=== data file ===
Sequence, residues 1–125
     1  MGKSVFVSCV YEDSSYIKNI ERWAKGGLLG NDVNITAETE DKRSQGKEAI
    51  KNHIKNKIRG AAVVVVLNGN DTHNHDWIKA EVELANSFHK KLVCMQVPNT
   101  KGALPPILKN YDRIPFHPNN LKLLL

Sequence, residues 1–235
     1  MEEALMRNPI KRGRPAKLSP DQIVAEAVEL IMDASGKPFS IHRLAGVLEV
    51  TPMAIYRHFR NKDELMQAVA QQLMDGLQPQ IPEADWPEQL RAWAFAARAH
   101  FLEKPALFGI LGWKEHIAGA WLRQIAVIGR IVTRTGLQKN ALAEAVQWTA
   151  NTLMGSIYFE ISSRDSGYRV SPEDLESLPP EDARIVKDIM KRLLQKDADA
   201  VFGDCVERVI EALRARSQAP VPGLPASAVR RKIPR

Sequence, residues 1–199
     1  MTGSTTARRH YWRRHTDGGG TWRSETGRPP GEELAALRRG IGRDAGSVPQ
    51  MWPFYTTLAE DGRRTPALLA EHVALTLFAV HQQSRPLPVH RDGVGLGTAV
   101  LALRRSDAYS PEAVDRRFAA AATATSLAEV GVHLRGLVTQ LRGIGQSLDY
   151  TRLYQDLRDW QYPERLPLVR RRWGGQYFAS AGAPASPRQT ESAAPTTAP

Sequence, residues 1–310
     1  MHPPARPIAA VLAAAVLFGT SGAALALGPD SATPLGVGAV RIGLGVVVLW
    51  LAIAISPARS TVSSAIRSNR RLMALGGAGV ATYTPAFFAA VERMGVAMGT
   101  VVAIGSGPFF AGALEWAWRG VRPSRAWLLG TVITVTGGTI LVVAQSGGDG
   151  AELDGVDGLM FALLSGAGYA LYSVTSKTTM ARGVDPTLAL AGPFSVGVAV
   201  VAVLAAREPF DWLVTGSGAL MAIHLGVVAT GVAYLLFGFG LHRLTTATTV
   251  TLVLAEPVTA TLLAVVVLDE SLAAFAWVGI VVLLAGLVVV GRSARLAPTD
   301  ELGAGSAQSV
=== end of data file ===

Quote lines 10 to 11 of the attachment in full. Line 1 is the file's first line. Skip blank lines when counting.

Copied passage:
   201  VFGDCVERVI EALRARSQAP VPGLPASAVR RKIPR

Sequence, residues 1–199